In honor of the upcoming World Communications Day, the Institute for Communication and Religion within the College of Communication and the Arts and University Libraries will discuss The Absence of Healthy Confrontation: Reflections on Pope Francis’ World Communications Day Message on Fake News on Wednesday, April 11th, from 12:30-1:30 p.m. in the 2nd floor Common Area of the Walsh Library.
The program is part of the “Critical Issues in Information and Education” Speaker’s Series by University Libraries. The event is free and open to the University community. Light refreshments will be served.
Please RSVP to Franceska Osmann email@example.com
The event will feature Monsignor Dennis Mahon, Ph.D., coordinator for the Institute for Communication and Religion and associate professor of communication, and Dr. Ki Joo (KC) Choi, committee member for the Institute for Communication and Religion and chair of the Department of Religion, discussing remarks made by Pope Francis about fake news and the importance of truth during his World Communications Day message at the beginning of the year.
“The Institute for Communication and Religion is excited to partner with University Libraries for this important discussion,” said Monsignor Mahon. “I hope the event provides attendees with the opportunity to understand how communication and religion are integrally connected.”
Monsignor Mahon brings to the conversation more than 40 years of experience as a communication faculty member and administrator at Seton Hall University, The Catholic University of America, and Catholic Community Services. After receiving his B.A. from Seton Hall University and S.T.B. from The Catholic University of America, he was ordained for the Archdiocese of Newark. He later went on to earn his M.A. from Fairfield University and Ph.D. from Syracuse University.
Dr Choi, an associate professor of religion, is an ethicist, specializing in Catholic and Protestant moral theology, political theory/ethics, and the political morality of race and ethnicity. His teaching areas also include the ethics of war and peace and the relationship between science (evolutionary theory) and theological ethics. He earned his B.A. and a M.Div. from Yale and his Ph.D. from Boston College.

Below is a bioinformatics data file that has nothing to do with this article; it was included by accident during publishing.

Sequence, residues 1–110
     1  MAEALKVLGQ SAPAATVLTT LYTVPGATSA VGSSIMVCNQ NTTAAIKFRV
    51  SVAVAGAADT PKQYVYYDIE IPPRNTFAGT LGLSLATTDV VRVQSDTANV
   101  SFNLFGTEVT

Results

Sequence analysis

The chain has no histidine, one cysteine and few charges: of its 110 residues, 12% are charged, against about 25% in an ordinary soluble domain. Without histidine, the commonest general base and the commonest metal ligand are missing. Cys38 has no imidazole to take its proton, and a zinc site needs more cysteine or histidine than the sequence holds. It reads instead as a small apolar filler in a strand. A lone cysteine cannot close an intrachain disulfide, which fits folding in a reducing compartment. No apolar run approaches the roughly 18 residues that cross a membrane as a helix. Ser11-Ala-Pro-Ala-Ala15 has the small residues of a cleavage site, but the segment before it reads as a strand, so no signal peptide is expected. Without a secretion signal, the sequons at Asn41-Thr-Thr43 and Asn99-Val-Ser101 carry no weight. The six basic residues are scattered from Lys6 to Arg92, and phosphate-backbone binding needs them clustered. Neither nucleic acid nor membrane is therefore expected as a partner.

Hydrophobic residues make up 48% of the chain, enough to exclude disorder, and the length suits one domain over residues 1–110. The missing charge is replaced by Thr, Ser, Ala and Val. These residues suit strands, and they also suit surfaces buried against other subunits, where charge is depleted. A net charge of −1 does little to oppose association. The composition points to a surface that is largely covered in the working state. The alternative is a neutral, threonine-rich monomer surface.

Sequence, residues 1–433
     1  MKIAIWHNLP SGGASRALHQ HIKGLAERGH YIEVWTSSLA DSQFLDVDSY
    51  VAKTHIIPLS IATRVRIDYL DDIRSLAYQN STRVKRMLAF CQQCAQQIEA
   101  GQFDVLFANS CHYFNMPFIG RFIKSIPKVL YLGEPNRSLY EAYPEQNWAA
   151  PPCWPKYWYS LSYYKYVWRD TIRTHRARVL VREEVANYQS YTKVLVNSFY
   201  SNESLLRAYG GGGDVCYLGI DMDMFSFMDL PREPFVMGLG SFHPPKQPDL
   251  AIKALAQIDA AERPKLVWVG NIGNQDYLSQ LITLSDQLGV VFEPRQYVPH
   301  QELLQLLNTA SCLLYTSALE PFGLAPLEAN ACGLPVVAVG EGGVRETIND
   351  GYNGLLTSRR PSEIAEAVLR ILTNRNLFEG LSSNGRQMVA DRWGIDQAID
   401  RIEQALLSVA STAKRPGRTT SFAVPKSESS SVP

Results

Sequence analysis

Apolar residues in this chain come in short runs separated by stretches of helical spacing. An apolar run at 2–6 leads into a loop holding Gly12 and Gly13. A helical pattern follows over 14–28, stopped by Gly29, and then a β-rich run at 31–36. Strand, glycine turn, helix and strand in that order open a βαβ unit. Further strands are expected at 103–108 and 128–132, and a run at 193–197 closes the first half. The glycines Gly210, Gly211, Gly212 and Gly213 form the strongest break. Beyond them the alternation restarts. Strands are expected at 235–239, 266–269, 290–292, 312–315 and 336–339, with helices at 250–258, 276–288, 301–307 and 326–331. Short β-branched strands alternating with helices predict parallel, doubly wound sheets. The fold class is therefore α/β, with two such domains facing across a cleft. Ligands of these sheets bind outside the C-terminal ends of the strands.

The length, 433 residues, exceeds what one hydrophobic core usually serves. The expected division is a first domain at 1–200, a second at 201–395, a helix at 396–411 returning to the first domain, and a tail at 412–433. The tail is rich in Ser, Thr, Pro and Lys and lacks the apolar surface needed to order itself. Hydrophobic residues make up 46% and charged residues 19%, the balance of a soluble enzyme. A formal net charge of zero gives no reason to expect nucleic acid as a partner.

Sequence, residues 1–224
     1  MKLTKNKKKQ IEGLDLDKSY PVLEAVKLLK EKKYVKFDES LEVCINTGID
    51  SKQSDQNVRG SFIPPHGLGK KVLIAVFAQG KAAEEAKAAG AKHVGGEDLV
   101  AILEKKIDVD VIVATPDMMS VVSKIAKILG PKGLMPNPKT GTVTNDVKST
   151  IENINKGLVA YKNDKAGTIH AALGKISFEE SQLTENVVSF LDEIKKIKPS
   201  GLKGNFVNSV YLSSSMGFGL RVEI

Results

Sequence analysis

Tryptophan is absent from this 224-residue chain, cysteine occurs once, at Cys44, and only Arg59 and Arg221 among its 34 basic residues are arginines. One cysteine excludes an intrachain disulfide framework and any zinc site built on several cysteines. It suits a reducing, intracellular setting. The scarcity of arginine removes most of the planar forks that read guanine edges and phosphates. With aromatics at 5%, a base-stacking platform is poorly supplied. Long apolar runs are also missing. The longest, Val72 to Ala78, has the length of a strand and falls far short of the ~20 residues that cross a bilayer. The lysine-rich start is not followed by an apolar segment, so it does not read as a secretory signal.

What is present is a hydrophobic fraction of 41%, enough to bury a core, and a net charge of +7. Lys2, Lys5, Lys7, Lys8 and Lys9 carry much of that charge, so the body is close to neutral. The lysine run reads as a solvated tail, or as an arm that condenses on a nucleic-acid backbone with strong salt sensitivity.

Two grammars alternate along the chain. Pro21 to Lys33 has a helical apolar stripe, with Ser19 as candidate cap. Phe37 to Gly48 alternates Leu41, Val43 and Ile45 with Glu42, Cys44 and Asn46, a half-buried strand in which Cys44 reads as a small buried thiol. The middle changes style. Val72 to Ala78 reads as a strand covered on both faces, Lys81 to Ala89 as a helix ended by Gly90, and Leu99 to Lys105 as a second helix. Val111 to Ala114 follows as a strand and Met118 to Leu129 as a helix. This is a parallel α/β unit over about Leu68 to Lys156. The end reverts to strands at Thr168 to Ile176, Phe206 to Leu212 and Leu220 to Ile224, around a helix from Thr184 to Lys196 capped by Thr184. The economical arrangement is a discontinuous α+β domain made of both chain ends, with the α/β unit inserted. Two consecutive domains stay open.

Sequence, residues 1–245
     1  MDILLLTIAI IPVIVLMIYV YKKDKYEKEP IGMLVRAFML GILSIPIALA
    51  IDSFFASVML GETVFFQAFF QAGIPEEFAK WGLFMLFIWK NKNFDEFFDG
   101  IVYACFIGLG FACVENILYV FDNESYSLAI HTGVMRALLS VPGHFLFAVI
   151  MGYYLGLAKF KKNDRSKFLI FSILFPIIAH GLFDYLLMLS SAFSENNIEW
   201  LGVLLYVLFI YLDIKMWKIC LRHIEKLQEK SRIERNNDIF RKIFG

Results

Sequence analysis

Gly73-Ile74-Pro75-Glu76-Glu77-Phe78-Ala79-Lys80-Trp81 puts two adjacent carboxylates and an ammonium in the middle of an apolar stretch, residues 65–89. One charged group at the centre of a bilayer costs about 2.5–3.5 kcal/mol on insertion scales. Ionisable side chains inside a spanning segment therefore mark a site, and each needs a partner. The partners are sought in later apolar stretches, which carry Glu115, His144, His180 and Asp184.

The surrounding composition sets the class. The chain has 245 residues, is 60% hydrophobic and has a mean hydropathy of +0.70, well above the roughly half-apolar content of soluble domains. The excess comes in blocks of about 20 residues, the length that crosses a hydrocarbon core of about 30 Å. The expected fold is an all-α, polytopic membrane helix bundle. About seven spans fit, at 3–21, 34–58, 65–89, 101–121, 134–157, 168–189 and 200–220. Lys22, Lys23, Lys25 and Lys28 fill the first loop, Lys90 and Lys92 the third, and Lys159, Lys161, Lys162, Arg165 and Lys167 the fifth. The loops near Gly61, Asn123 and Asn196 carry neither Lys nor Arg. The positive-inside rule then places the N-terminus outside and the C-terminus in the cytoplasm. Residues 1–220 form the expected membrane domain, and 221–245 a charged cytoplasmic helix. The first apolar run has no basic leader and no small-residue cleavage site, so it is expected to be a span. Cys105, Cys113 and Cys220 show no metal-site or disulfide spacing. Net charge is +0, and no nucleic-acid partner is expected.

The University Libraries’ Speaker’s Series, “Critical Issues in Information and Education,” focuses on the intersection of educational and informational issues. Its inaugural event on issues of mass communication featured John Berry III, former editor-in-chief of Library Journal, on misinformation and Dr. Christopher Tienken, associate professor of education administration at the University, on the false narrative surrounding the current educational testing regime and educational standardization. Its second program, Discursive and Demographic Dysfunction, Or, Why It Is So Hard To Decide What The Facts Are, included Rutgers University Professors Marie Radford, Library and Information Sciences, on narratives of information seeking and Julia Sass Rubin, School of Planning and Public Policy, on legal challenges to academic inquiry.
Launched in Fall 2017, the Institute for Communication and Religion provides a nexus for ongoing scholarly exploration of communication topics critically important to religion and society. Under the leadership of Monsignor Mahon and inspired by Nostra Aetate, the Institute enhances the University’s and the College’s sustained leadership in fostering open, clear dialogue and study between religious believers and the broader public in the communication disciplines at the theoretical, professional, and practical levels.
The discussion is the Institute’s latest initiative. The Institute recently hosted curriculum development workshops, cosponsored Ethically Speaking, and its inaugural event, Speaking Truth: Religion in the News Media, featuring The Wall Street Journal Columnist William McGurn, took place in Fall 2017. A large-scale, interreligious event featuring award-winning religion journalist David Gibson is also scheduled for April 24.
To learn more about the Institute for Communication and Religion, please contact Monsignor Dennis Mahon.